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McMillan, Sir William (1850–1926)

Sir William McMillan died at his home in Edgecliff-road, Woollahra, early yesterday morning, in his 77th year. He was born at Londonderry, Ireland, in 1850, being the son of Rev. Gibson McMillan, a Wesleyan Minister.

His education was received in Dublin and London, and, at the age of 19 years, he was sent by his uncle, William McArthur, a North of Ireland merchant, to Australia to develop the Sydney end of the business of W. and A. McArthur, Ltd., merchants and Importers, of York-street.

Sir William was best known as a figure in the political life of New South Wales in the turbulent days when Federation and the tariff occupied the foremost places in public questions. He entered the Legislative Assembly as a member for East Sydney in February, 1887, and at the next election, on February 2, 1889, he was returned by the same constituency. In order to take office in the last Ministry of Sir Henry Parkes, which was sworn-in on March 8, 1889, he had to resign, as the electoral laws of those days required, and recontest the seat. He was again elected by East Sydney, and continued to fill the portfolio of Colonial Treasurer and Minister for Railways until he resigned on July 27, 1891, three months before the expiration of the life of that Parliament, which was succeeded by the second administration of Sir George Dibbs.

The surviving members of the last Parkes Ministry are Sir Albert Gould, Sir Joseph Carruthers, Mr. Sydney Smith, and Mr. Bruce Smith, the last named succeeding Sir William in the portfolio which he resigned.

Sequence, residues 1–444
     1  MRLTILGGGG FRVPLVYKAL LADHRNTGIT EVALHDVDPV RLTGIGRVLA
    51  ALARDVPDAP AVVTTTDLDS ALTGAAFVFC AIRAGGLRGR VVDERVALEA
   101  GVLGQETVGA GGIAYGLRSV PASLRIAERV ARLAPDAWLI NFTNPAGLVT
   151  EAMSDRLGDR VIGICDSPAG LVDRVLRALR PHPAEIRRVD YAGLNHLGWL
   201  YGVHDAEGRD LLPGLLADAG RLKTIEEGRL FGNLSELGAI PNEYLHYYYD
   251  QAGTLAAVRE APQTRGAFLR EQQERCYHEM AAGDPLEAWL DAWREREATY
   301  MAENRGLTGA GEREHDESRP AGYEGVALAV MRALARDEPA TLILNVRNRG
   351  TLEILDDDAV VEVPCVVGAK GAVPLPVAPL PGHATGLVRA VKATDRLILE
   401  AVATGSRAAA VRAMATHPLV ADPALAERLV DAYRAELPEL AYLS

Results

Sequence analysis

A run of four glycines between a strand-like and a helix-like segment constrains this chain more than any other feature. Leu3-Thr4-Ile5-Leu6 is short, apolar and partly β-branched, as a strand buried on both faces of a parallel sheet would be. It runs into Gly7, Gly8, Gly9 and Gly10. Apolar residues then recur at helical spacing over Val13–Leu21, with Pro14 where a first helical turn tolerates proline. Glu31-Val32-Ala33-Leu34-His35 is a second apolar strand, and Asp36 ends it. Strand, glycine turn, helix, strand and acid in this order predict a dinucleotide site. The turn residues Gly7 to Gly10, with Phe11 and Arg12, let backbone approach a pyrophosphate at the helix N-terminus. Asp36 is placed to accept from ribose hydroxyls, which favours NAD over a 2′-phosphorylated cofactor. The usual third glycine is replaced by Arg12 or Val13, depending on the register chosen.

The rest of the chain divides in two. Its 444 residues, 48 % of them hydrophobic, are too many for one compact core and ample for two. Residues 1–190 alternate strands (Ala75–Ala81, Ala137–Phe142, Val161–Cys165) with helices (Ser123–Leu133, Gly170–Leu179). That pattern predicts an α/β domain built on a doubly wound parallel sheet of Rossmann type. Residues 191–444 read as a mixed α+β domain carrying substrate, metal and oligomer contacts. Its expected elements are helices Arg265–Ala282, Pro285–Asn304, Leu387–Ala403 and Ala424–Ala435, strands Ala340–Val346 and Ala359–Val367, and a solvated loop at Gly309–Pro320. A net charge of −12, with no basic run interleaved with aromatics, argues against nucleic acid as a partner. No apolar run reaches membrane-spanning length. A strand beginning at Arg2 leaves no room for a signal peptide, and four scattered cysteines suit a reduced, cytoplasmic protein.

Sir William McMillan continued to represent East Sydney in the Assembly, and at the election in 1894 he successfully contested the Burwood electorate, where he was defeated at the elections held in 1898. As he had always identified himself with the Federal movement it was natural that he should have been a candidate at the first elections held throughout the Commonwealth in 1901, and he was returned as the representative of Wentworth, in New South Wales. He remained in the Federal sphere only for the term of the first Parliament, and, owing to pressure of business, he did not seek re-election in 1903.

Sir William McMillan's name will ever be connected with the body of stalwarts who fought whole heartedly for Federation; and he was a keen Freetrader. He was a member of the Federal Conference in 1890, of the Federal Convention in the following year, and of the momentous Federal Convention in 1898, which framed the first constitution of Australia. He did a great deal to advance the interests of commerce, and held many public positions, among them being the presidency of the Sydney Chamber of Commerce in 1886. In that year he also represented the Chamber at the Indian and Colonial Exhibition held in London. The honour of K.C.M.G. was conferred upon him in 1901.

Besides Lady McMillan a family of five survive. Mr. W. M. McMillan (Sydney) is a son, and the daughters are Miss Elizabeth McMillan (director of the Australian Mothercraft Society), and Mesdames Ernest Owen (Wollongong), H. F. Gunnar (Chicago, U.S.A.), and Frank Harvey, the lastnamed being the wife of the well-known actor. She is now in London.

The interment will be made at the Waverley Cemetery to-day, the cortege leaving the cemetery gates at 3.15 p.m. Dr. Prescott, principal of Newington College, and Rev. H. E. Andrews, will officiate at the graveside, and conduct a short service at the home prior to the funeral.

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'McMillan, Sir William (1850–1926)', Obituaries Australia, National Centre of Biography, Australian National University, http://oa.anu.edu.au/obituary/mcmillan-sir-william-1105/text1100, accessed 21 April 2019.

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